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Jakob Beirowski - Articles and news items

Figure 1 Schematic illustration of a particle stabilised by a steric stabiliser. Note that it has been reported that both the degree of adsorption and the density / thickness of the steric barrier are essential factors to mitigate freezing and drying stresses

Stabilisation of nanoparticles during freeze drying: The difference to proteins

Issue 4 2011, Lyophilisation / 31 August 2011 / Jakob Beirowski and Henning Gieseler, University of Erlangen-Nuremberg, Division of Pharmaceutics, Freeze Drying Focus Group

The underlying concept for the stabilisation of proteins during freeze drying is the formation of a glassy matrix in which the macromolecules remain isolated and immobilised. The concept relies on the so-called ‘vitrification hypothesis’ which assumes that the formation of an amorphous phase by lyoprotectants is mandatory to interact with the amorphous protein molecule. The use of lyoprotectants has also been found to be beneficial to preserve the original particle size distribution of nanoparticles during freeze drying. Until today, it has been speculated that the predominant mechanism to suppress physical instabilities of such colloidal particle systems is their embedment in a rigid glass. Today, there are various types of colloidal particles used in drug development, and sometimes the scientific literature gives evidence that glass formation was not necessarily required for stabilisation during freezing thawing or even freeze drying. The purpose of this article is therefore to briefly provide the latest insight into potential stabilisation mechanisms when freeze drying nanoparticles, a key knowledge for rational formulation and process design for such systems.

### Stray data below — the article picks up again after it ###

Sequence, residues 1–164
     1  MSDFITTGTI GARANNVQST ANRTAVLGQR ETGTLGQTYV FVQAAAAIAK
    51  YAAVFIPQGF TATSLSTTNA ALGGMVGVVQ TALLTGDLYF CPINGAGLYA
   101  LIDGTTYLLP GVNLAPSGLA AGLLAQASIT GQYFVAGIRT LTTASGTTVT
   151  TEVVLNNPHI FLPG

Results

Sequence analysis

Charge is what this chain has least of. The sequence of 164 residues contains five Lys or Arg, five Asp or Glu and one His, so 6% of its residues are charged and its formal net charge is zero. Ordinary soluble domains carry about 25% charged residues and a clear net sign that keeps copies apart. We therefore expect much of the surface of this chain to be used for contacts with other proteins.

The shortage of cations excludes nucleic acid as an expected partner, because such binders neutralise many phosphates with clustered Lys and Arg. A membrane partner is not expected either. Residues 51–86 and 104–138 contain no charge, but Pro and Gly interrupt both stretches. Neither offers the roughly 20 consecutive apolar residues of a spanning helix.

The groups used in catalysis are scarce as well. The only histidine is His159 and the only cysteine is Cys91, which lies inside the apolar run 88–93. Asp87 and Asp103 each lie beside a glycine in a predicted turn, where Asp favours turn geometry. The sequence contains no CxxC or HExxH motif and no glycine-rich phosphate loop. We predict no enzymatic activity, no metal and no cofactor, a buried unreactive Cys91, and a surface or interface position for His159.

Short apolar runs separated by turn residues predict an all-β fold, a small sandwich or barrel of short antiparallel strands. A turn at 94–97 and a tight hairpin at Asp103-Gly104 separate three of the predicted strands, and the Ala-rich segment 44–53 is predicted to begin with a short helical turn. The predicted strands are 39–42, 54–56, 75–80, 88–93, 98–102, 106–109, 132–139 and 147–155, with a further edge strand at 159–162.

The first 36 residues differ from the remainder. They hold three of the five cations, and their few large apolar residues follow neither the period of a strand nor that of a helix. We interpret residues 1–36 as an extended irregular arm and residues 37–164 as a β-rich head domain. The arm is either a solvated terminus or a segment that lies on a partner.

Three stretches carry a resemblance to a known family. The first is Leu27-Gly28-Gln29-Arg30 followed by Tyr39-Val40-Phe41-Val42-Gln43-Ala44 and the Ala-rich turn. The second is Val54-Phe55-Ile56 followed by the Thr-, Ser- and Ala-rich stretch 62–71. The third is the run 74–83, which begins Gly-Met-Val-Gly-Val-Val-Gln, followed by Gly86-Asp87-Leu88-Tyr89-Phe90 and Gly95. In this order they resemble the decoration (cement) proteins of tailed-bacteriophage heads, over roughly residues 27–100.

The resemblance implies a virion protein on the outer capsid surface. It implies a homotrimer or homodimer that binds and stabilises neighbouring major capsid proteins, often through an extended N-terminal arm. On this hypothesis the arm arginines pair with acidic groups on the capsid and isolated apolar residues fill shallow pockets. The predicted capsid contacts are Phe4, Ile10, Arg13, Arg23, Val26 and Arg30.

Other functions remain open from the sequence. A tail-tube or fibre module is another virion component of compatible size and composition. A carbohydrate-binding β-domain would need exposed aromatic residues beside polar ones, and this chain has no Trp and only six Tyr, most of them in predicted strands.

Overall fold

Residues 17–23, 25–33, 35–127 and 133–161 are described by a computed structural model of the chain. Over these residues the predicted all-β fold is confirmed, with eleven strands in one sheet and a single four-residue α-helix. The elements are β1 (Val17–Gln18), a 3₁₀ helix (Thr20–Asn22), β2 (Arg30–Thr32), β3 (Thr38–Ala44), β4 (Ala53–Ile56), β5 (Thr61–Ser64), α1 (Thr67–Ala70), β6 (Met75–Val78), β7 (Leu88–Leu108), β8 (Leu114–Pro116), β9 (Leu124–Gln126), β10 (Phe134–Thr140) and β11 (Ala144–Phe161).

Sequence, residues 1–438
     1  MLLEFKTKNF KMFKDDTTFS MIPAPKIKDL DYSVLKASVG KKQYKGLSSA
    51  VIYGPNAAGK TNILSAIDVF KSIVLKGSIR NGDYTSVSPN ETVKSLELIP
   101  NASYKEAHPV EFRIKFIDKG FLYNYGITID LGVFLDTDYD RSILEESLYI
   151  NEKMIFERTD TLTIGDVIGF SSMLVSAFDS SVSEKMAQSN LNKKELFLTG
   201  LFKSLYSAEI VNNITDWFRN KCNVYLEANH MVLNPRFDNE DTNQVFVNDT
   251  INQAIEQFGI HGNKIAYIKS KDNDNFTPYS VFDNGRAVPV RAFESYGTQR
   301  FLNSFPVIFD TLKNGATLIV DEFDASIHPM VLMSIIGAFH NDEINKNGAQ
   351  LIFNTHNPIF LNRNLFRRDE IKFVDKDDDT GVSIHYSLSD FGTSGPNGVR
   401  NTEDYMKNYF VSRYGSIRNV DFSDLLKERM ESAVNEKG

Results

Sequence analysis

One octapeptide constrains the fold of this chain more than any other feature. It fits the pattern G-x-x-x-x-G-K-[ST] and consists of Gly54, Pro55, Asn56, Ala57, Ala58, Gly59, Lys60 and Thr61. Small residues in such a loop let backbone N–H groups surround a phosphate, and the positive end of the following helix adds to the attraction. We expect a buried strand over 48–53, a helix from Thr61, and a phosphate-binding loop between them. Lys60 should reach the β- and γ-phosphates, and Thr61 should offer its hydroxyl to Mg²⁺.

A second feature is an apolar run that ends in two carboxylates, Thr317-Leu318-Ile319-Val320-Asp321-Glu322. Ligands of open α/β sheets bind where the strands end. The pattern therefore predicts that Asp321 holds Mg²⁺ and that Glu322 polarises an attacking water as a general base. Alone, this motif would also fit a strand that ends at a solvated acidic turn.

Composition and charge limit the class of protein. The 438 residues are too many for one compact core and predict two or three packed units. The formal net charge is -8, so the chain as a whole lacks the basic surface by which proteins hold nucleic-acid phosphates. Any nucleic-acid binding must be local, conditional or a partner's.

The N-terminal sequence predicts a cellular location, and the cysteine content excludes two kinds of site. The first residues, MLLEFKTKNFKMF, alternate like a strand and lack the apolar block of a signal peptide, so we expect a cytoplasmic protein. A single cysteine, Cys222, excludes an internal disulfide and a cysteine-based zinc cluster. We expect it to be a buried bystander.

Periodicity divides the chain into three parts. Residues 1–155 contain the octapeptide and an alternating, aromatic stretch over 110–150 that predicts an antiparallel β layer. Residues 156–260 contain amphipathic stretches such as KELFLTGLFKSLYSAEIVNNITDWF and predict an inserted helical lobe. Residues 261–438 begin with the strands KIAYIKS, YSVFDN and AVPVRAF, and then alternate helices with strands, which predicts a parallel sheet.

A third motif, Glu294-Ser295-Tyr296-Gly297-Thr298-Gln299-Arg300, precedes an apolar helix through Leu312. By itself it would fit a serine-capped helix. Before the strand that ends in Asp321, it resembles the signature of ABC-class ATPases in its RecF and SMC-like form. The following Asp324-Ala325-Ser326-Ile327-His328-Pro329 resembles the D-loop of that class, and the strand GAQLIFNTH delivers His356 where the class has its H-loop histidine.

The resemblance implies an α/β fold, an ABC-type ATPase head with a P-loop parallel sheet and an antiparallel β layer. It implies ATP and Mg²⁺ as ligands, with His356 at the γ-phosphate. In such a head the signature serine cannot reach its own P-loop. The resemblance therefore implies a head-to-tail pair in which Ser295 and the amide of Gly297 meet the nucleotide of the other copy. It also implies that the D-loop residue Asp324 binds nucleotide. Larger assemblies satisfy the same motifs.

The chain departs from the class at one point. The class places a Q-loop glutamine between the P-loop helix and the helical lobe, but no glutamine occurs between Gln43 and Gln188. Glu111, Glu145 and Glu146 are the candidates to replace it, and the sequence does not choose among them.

Application of DSC and MDSC in the development of freeze dried pharmaceuticals

Issue 6 2008, Past issues / 3 December 2008 / Jakob Beirowski, Pharmacist and Dr. Henning Gieseler, Assistant Professor, Division of Pharmaceutics, University of Erlangen-Nuremberg

Freeze drying of pharmaceuticals requires an adequate formulation design to prevent low-temperature, freezing and drying stresses. The goal is to achieve a final product with long storage stability and elegant appearance. To meet these specifications the product temperature must be controlled below the critical formulation temperature during the freeze drying cycle. DSC is an established tool to measure this critical formulation property in the development of freeze dried pharmaceuticals as it allows rapid sample preparation and analysis time. The introduction of modulated DSC (MDSC) by Reading in 1992 has greatly facilitated the interpretation of DSC results. The overlapping transitions in the same temperature range can be distinguished and characterisation of the nature of transitions is facilitated.


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